A 12-year-old boy died last week in Indiana after being starved, beaten, and shackled by his abusive parents, police said.
Eduardo Posso was declared dead after his father brought him to a local hospital on May 23. Eduardo was “severely emaciated,” weighed between 50 and 55 pounds, had 0% body fat, and was covered in bruises, coroner Joani Shields said at a press conference Tuesday.
Eduardo’s father and stepmother, Luis Posso and Dayan Median Flores, were subsequently arrested and charged with felony neglect. They could face murder charges once the cause of death is determined by the coroner.
Monroe County Sheriff Brad Swain said Eduardo was frequently restrained and put in the bathtub. Investigators uncovered wrist and ankle restraints, chains, and a dog shock collar in the motel room where the family was living.
While investigating their cellphones, they found videos of Flores and the other children “coming and going in the bathroom and paying no attention to the child.” They also found a selfie of Posso posing with his restrained son.
Posso and Flores worked as promoters for a circus and would travel the country passing out flyers. Eduardo, and three other children in their care, were pulled out of school about a year ago to travel with them.
The three other children — ages 9, 5, and 2 — were Eduardo’s biological and stepsiblings. They would pass out circus flyers with their parents, but he would typically be left in the motel room and out of the public eye.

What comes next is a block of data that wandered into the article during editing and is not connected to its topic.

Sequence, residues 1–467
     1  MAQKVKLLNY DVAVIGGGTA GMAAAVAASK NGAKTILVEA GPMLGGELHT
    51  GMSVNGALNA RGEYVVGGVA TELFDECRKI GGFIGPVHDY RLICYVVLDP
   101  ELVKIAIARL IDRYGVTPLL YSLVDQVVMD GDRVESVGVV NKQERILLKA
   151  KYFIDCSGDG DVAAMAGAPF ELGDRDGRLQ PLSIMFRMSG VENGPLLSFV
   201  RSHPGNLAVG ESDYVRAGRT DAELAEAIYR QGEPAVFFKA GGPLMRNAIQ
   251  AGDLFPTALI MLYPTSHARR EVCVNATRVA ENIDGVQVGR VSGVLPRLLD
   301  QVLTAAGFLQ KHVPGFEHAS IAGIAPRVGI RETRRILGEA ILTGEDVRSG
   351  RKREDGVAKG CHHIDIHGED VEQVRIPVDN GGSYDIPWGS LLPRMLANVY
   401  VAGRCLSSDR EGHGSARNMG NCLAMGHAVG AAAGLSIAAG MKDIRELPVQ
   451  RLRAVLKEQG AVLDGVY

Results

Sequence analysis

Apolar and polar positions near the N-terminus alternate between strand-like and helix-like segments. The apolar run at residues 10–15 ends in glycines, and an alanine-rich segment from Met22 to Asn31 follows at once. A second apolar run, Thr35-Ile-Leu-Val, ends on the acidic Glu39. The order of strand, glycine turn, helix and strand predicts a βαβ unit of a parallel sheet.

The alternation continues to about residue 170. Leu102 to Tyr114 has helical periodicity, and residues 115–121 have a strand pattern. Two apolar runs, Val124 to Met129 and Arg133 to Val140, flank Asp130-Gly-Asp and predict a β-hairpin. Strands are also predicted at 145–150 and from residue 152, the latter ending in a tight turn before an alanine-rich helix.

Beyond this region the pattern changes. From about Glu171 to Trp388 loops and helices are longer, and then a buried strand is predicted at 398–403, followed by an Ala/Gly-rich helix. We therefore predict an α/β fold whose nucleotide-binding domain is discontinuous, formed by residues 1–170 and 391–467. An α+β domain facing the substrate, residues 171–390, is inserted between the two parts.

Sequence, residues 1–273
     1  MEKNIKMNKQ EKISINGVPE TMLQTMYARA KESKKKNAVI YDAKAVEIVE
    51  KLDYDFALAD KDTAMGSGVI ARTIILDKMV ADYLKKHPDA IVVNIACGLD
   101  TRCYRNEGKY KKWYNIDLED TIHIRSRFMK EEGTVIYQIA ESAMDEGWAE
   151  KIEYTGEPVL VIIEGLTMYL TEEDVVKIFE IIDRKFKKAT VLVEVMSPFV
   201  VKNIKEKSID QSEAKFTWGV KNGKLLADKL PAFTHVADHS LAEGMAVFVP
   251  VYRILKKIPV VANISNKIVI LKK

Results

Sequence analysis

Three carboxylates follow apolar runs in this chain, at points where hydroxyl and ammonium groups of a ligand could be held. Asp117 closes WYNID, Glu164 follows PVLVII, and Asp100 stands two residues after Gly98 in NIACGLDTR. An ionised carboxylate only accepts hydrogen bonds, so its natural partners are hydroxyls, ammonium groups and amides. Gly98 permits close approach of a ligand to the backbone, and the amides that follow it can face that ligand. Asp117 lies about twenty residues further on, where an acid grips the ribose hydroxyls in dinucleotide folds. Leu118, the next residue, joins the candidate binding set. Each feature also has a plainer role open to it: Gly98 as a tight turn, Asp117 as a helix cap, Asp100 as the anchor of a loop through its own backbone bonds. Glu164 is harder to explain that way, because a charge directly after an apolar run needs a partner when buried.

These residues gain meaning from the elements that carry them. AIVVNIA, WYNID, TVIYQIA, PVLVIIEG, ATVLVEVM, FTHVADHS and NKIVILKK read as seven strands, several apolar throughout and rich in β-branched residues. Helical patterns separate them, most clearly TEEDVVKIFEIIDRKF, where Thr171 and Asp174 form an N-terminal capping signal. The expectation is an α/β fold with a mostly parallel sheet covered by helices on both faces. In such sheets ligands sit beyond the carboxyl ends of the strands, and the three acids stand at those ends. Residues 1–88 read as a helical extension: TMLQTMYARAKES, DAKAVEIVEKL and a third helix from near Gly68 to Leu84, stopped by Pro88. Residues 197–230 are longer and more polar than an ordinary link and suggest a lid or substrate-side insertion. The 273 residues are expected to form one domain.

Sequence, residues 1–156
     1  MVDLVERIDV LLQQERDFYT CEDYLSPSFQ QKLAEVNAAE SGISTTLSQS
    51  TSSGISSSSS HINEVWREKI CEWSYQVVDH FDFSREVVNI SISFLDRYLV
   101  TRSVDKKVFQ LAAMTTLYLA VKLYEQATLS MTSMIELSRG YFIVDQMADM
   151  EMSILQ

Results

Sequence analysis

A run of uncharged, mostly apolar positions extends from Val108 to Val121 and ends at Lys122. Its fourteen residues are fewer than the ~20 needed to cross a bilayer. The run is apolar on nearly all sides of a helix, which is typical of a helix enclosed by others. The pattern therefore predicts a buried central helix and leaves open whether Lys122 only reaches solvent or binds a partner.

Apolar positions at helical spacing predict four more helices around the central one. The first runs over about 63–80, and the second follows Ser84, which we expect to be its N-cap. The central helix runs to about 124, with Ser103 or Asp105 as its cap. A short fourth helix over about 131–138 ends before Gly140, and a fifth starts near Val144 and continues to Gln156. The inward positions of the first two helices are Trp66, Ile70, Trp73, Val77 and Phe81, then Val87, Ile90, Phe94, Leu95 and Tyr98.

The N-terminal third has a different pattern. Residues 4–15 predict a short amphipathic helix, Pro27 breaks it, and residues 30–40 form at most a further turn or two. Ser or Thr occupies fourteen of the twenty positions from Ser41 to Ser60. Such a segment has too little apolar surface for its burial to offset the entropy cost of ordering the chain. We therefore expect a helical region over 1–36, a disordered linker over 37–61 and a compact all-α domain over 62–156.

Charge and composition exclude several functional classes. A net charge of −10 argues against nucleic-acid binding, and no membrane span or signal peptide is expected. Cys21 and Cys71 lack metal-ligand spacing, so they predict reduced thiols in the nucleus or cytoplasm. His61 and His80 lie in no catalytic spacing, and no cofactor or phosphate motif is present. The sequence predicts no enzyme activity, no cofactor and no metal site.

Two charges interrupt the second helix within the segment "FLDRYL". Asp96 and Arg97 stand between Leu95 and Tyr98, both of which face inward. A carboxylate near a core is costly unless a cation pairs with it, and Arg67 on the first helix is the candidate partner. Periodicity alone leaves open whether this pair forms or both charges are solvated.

Detective Lt. Jennifer Allen said Eduardo “appeared to be a normal, happy boy” about a year ago, but “within last year things got more severe.”
During questioning, Posso and Flores denied withholding food from Eduardo, but admitted to physically abusing him, claiming that they did it because he “acted up the most.”
Flores also admitted that they used restraints on him.
Both parents are being held in prison on $500,000 bail each and are charged with three counts of neglect and one of confinement. Posso also faces a charge of domestic battery.
Police are looking into whether they might face more charges in the other states where they had traveled.
The other children are healthy and now with child protective services.
Authorities working on the case expressed how deeply disturbed they are by the case, with Allen saying “there’s really no words for this kind of abuse.”
“You don’t even want to let your mind go to imagine what this child’s thoughts were and what his prospects for his future were,” Swain said.